There's no market moving data in the European session (unless we get a big jump in the Eurozone unemployment rate). For this reason, we will likley see a rangebound price action heading into the US NFP release and the ISM Services PMI. In the big picture nothing has changed, therefore we need something that could change the current expectations to trigger a more sustained market reaction. The market is debating on two possible scenarios:

  • Growth with slow disinflation to target and eventually the Fed cutting rates.
  • Inflation stuck above target or a reacceleration with the Fed forced to eventually hike.

Today's data could change or reinforce those expectations in the short term. So, what should we look out for.


The US NFP report is expected to show 243K jobs added in April vs. 303K in March with the Unemployment Rate seen unchanged at 3.8%. The Average Hourly Earnings Y/Y is expected at 4.0% vs. 4.1% prior, while the M/M figure is seen at 0.3% vs. 0.3% prior. The expectations are for good numbers given that all the other jobs data we got so far was strong. The only "weak" reading came from the Present Situation Index in the US consumer confidence report. That generally correlates with the unemployment rate, so we might see a tick higher to 3.9% but it shouldn't be such a meaningful development given that the range of expectations is between 3.8% and 3.9% anyway.

The main focus should be on the Average Hourly Earnings as a resilient labour market with falling wage growth is good for growth and inflation. On the other hand, if we were to get a hot report all around, then the market would take that as hawkish stuff. In fact, we already saw the market getting scared by the hot US Q1 ECI report, so if we see again hot data on the wages side, the market should take that as bad news for inflation going forward.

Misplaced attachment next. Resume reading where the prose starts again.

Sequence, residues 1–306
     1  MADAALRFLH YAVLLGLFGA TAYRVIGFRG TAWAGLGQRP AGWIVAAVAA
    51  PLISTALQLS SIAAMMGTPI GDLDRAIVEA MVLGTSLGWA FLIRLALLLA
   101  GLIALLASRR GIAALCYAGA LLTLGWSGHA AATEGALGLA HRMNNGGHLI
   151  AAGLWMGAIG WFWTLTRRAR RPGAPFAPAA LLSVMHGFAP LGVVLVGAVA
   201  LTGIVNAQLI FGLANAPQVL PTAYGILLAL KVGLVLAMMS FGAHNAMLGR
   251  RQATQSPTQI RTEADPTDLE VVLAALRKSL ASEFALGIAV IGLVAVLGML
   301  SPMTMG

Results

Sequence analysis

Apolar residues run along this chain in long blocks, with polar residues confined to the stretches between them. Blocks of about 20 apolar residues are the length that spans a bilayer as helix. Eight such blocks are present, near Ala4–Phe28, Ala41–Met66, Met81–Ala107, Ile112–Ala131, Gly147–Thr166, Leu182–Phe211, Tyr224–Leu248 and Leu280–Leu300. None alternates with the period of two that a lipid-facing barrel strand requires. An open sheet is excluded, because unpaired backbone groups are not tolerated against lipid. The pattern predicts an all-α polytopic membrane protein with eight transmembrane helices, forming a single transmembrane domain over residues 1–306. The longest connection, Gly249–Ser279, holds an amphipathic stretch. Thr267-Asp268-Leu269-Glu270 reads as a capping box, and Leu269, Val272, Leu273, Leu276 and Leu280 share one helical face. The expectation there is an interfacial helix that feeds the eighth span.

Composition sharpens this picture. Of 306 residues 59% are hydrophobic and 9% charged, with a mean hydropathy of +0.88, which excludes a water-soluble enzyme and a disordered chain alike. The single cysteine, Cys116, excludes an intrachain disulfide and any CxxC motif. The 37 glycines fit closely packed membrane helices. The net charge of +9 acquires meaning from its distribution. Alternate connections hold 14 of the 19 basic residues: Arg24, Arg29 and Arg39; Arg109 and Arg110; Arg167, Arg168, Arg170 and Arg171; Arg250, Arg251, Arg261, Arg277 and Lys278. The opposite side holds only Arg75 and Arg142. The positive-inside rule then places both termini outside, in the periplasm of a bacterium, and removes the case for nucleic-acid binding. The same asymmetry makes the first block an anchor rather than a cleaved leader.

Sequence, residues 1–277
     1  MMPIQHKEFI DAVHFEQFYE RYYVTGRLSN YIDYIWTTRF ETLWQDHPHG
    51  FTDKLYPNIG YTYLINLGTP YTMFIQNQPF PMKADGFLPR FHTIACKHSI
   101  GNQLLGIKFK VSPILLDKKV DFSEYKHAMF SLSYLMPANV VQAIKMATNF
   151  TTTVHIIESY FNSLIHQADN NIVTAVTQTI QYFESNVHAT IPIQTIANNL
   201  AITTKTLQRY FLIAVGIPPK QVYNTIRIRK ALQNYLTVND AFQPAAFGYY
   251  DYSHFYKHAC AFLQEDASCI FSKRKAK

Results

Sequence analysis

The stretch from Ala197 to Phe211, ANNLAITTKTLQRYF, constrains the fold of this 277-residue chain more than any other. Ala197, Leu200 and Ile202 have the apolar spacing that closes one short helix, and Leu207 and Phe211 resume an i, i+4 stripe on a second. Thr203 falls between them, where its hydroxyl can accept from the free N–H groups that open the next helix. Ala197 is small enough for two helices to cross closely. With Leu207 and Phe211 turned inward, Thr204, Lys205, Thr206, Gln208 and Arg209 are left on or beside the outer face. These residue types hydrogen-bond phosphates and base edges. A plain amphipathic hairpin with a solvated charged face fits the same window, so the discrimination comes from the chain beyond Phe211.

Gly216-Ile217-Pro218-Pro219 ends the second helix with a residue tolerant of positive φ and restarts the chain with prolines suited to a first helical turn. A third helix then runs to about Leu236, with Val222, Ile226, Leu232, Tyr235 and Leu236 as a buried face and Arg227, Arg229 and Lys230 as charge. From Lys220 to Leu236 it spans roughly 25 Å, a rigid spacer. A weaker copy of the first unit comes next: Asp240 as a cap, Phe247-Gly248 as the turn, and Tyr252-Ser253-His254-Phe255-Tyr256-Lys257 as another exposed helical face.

It goes without saying that if we see bad figures all around, it would be a major surprise and the market will likely price back in more rate cuts and might even go into risk off as fears of recession could resurface.

US Unemployment Rate
US Unemployment Rate


The US ISM Services PMI is expected at 52.0 vs. 51.4 prior. Last month, the index missed expectations with some general weakness in the sub-indexes, especially the prices component which fell to the lowest level since March 2020. The latest S&P Global US Services PMI missed expectations. The commentary has been downbeat with even mentions of strong layoff activity, although there was also good news on the inflation front. The ISM Manufacturing PMI though diverged with the S&P Global PMIs as the data missed expectations slightly but the commentary was generally positive and it showed a big jump in prices paid index and the employment component ticked higher.

The main focus should be on the prices and employment components. If you recall, we got a strong dovish reaction last time when the prices index dropped to the lowest level in 4 years. If we get another drop or at least not a big change from the current levels, then the market might take that as good news for inflation and even if the headline number beats, it could lead to a positive risk sentiment. This will of course need to be paired with the US NFP report.

Conversely, if we see a jump in prices paid, it could lead the market to think that the last month's number was just a blip (it happened already with the employment number back in January) and trigger a hawkish reaction.

US ISM Services PMI
US ISM Services PMI